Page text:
, 2010). For the latter possibility,
Na-Cl water could have been present in shallow groundwater as a result of natural hydraulic connections to underlying strata and the idea of such connections is supported by the documentation of natural fractures (Jacobi, 2002), particularly J1 and J2 joint sets, in the Geneseo Shale (of the Genesee Group) which underlies the western portion of the county (Fig. 1) (Engelder et al., 2009). The lack of differences in methane concentrations across Pifithrin-�� mw different bedrock formations in which water wells were finished also supports the possibility that methane-rich Na-Cl water is migrating from deeper formations. In either case, this water chemistry is indicative of increased interaction with bedrock and less contribution of meteoric (precipitation-derived) water that would have infiltrated through overlying calcareous sediments (Fleisher, 1993). This extended residence time and potential interaction
with methane-rich strata (e.g. black shale) could have led to relatively higher methane concentrations (Molofsky et al., 2013). The Na-HCO3 groundwater and its associated dissolved methane likely resulted from groundwater residence time and rock-water interaction as well as redox processes. Longer residence times typically lead to increased concentrations of Na and HCO3 due to cation exchange between calcium and sodium Decitabine mw clonidine and oxidation of organic matter, and can also promote biological methane production as oxygen is used up and methanogenesis is thermodynamically favored (Kresse et al., 2012 and Thorstenson and Fisher, 1979). The methane isotopic signatures also support the presence of some microbial methane, with the majority of δ13C-CH4 values falling between −40 and −60‰, indicating likely mixing of biogenic and thermogenic methane (Whiticar, 1999). To better predict patterns in dissolved methane, it is useful to model the relationship between methane and readily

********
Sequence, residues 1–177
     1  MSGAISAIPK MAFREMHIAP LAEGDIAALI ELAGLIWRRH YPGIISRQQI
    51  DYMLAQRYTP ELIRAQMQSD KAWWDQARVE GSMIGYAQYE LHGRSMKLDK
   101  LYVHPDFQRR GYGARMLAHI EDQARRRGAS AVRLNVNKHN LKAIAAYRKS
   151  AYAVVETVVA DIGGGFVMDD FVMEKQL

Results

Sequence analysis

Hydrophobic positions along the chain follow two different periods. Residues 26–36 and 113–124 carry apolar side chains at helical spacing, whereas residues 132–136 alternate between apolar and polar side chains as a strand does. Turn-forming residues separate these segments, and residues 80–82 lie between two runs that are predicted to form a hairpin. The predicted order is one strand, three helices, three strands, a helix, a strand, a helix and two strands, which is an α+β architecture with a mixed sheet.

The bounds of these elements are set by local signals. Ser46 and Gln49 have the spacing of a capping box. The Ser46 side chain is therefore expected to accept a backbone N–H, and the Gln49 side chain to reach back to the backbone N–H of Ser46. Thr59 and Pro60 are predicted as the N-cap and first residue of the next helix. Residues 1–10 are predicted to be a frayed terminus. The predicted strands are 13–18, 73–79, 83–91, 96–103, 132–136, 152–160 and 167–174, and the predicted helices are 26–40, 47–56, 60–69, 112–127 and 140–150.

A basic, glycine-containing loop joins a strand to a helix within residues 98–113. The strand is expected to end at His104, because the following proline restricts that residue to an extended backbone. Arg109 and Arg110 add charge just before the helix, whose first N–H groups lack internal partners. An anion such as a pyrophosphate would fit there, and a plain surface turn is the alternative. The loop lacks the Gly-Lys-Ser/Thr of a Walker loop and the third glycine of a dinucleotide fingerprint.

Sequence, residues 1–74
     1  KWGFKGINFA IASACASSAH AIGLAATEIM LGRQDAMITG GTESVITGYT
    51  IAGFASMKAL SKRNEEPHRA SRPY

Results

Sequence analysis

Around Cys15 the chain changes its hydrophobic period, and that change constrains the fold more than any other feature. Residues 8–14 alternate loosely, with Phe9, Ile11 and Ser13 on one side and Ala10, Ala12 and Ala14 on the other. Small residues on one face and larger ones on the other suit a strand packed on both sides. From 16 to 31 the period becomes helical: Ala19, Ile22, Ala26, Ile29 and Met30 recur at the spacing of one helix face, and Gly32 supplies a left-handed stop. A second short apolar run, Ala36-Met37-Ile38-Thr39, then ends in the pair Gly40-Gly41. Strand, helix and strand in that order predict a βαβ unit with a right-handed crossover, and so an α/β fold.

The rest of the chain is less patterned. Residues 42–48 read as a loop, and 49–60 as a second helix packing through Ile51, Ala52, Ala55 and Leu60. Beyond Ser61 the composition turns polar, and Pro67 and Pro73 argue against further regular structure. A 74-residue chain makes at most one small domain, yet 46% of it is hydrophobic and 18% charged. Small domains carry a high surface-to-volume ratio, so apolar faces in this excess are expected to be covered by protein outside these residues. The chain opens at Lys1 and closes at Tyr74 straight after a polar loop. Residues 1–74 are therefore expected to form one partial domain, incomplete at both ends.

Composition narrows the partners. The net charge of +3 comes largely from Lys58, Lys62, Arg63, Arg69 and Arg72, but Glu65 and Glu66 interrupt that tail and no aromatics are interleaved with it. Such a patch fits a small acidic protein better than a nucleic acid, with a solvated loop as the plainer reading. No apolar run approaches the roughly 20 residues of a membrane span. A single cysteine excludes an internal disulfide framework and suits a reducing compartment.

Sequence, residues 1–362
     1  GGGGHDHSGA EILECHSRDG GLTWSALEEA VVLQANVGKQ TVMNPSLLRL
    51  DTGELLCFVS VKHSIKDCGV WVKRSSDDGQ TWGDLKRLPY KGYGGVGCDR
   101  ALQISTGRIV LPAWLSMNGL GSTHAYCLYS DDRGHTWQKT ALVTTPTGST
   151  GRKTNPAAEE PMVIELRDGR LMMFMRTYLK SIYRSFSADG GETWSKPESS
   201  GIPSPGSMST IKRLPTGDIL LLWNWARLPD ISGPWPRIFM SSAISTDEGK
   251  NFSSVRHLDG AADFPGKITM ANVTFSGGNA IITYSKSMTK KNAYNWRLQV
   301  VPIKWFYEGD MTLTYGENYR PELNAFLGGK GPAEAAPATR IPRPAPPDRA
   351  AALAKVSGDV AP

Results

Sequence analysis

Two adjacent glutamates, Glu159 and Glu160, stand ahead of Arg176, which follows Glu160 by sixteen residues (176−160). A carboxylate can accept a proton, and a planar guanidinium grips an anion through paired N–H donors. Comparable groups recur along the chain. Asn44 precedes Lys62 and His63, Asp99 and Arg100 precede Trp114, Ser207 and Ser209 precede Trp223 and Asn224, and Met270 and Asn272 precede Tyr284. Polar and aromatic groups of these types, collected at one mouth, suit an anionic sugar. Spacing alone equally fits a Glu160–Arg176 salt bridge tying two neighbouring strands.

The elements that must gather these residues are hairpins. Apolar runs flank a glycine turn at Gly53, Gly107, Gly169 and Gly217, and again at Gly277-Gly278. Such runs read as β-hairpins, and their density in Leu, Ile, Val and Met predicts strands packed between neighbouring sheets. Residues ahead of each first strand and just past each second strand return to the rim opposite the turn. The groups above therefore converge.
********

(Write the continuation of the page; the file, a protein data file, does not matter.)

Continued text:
measurable environmental parameters. Such parameters could be GIS-derived characteristics described in previous sections or water quality and geochemical characteristics like specific conductance or sodium concentration. It is also important that such parameters be continuous, rather than classifications like ‘valley’ vs. ‘upslope’. Table 2 displays the results of the best multivariate regression models using selected variables from the full suite of landscape and chemical parameters. An initial model was developed using nine variables that were selected based on their Pearson correlation with methane. Using the six variables found to be significant (p < 0.05) – hardness, barium, chloride, sodium, sulfate and distance from active gas wells – a regression model was created that could explain 82% of variation in observed methane patterns (Fig. S3).